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Osprey will be working from home from Tuesday 17th March. We plan to continue all our operations, while reducing risk of infection by having staff work from home. Please note that we are doing our best to manage incoming post and parcels. For the time being please refrain from sending items to our offices and please assume that items that you have sent to us, have not arrived with their intended recipient. Our priority remains the wellbeing of staff, authors, customers, freelancers, suppliers and distributors. We would like to thank all for their support whilst we transition to virtual operations.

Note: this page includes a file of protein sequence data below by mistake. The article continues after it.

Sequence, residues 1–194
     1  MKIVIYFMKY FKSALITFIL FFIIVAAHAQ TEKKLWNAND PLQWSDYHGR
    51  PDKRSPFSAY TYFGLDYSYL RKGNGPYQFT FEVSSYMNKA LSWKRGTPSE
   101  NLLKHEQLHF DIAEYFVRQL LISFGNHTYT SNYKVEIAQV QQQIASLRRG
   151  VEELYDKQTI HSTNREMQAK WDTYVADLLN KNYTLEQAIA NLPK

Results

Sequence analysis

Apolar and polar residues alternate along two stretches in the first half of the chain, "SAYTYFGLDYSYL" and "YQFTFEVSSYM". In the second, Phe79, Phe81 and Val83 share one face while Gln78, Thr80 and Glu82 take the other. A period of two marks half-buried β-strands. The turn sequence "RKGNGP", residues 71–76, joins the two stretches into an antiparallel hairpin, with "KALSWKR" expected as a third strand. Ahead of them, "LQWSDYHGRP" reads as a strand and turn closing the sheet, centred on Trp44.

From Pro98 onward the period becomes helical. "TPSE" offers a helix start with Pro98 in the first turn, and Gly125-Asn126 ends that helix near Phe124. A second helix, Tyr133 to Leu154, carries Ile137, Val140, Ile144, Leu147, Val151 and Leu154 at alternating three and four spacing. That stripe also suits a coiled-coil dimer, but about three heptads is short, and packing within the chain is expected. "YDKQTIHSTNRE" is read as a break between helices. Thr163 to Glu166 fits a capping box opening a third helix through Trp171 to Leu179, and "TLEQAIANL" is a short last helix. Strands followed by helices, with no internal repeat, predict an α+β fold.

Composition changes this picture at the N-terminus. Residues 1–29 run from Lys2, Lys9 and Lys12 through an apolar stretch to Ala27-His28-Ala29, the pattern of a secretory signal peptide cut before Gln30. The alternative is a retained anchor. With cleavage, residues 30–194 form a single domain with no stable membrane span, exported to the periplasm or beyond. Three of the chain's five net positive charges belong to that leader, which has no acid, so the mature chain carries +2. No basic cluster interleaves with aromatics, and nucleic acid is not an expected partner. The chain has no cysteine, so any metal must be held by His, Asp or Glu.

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The German High Seas Fleet was one of the most powerful naval forces in the world, and had fought the pride of the Royal Navy to a stalemate at the Battle of Jutland in 1916. After the armistice was signed, ending fighting in World War I, the fleet surrendered to the British and was interned in Scapa Flow pending the outcome of the Treaty of Versailles. One hundred years to this day, on 21 June 1919, the entire fleet attempted to sink itself in the Flow to prevent it being broken up as war prizes. Of the 74 ships present, 52 sunk and 22 were prevented from doing so by circumstance and by British intervention. To mark this momentous centenary, on the blog today we are sharing some images of the wrecks as they are today, drawn from the incredible Scapa 1919 by Innes McCartney.Continue Reading

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